Catalan independence declaration will have no effect: Spanish PM

Catalan independence declaration will have no effect: Spanish PM

The October 1 vote has been followed by mass protests of Catalans angered by police violence as authorities tried to stop the vote and, more recently, by others in Catalonia and Madrid urging the unity of Spain.

"However, uncertainty over Catalonia will continue in the near to medium term". "It's going to cost them".

Spanish stocks rebounded 0.5 percent on Monday, out-performing broader European share markets, while the euro was a tad firmer. They sang and danced and smiled.

"What is happening in Catalonia is real, whether they like it or not".

"Never again should we see an European Union state turn with violence against their own people".

"The European Commission should consider formal steps to investigate and hold the Spanish Government to account. As a matter of worldwide law, the disproportionate use of force is not lawful, and what happened on the streets of Catalonia was not lawful".

Rajoy's deputy, Soraya Saenz de Santamaria, also warned that Spain would act decisively if there was any independence declaration.

"We feel both Catalan and Spanish", Araceli Ponze, 72, said during Sunday's rally.

"But secondly, the people of Catalonia should be able to decide their own future. Does it make you happy to remind our defenceless people of it?".

"This crisis needs to be resolved through dialogue at all levels of Spanish politics".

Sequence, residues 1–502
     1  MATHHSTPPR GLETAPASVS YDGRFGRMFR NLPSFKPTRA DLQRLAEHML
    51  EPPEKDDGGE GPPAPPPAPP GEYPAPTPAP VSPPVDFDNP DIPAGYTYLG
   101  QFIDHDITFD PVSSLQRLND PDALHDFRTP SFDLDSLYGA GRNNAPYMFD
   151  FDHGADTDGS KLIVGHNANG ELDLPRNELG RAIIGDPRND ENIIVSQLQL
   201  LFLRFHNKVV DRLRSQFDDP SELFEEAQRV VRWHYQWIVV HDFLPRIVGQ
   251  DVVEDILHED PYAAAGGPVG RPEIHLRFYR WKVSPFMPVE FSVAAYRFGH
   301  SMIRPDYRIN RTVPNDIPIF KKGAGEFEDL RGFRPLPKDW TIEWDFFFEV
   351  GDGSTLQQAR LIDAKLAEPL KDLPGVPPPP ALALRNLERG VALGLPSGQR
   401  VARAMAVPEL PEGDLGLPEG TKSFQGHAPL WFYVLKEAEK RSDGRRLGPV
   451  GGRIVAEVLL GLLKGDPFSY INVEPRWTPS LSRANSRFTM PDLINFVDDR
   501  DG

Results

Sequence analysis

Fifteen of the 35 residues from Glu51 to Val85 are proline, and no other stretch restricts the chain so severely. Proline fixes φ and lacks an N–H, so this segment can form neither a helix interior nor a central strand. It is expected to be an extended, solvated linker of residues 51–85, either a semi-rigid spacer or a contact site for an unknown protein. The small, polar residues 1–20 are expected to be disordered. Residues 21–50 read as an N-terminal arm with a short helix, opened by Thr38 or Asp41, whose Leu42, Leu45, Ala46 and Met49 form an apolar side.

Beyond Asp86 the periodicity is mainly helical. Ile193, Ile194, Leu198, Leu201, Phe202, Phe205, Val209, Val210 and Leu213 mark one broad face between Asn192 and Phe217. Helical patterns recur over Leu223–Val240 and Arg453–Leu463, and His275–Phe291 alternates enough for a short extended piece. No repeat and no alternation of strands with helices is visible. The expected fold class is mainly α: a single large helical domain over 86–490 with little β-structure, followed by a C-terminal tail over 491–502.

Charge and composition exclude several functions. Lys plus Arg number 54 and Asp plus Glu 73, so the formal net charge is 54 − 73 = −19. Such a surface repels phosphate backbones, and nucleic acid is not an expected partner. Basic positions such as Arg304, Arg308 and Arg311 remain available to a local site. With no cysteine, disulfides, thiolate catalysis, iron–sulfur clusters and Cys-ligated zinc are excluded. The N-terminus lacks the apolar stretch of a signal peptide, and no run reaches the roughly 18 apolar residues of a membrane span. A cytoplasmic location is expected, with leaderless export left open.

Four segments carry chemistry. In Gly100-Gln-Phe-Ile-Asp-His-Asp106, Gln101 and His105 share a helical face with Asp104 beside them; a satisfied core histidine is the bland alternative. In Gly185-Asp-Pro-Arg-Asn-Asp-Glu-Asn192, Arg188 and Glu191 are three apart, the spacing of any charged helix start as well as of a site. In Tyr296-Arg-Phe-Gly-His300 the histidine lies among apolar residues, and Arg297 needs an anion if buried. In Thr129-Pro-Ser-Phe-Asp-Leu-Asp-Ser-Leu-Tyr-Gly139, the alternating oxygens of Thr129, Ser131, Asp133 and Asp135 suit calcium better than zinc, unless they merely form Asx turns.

"If independence is declared, and proclaimed unilaterally, it will not be recognized [by France]", Loiseau said in an interview with the French CNews broadcaster.

Catalan President Carles Puigdemont is expected to address the regional Parliament on Tuesday as there was no sign of a compromise with Madrid. "We will apply what the law says", Puigdemont says in the programme on Catalonia's TV3, according to excerpts on the broadcaster's website.

Tension is building throughout Spain on Monday, with less than 24 hours from a possible declaration of independence from the Catalan government.

In a manifesto read at the end of the demonstration, there were demands that non-nationalist Catalans "should not be marginalised" and Mr Vargas Llosa launched a stinging attack on the nationalists, accusing their leaders, amongst them regional premier Carles Puigdemont, of being golpistas - conspirators in a coup d'etat. Catalan MP Marta Pascal told the BBC on Sunday that there will instead be a "symbolic statement".

Puigdemont is set to appear in the parliament of Catalonia on Tuesday after Monday meeting was suspended by the Spanish Constitutional Court.

"We want Catalonia to become the cultural capital of Spain as it was when I came to live here", the writer said during his speech, and recalled moments in which he lived in the Catalan capital during the 1970s.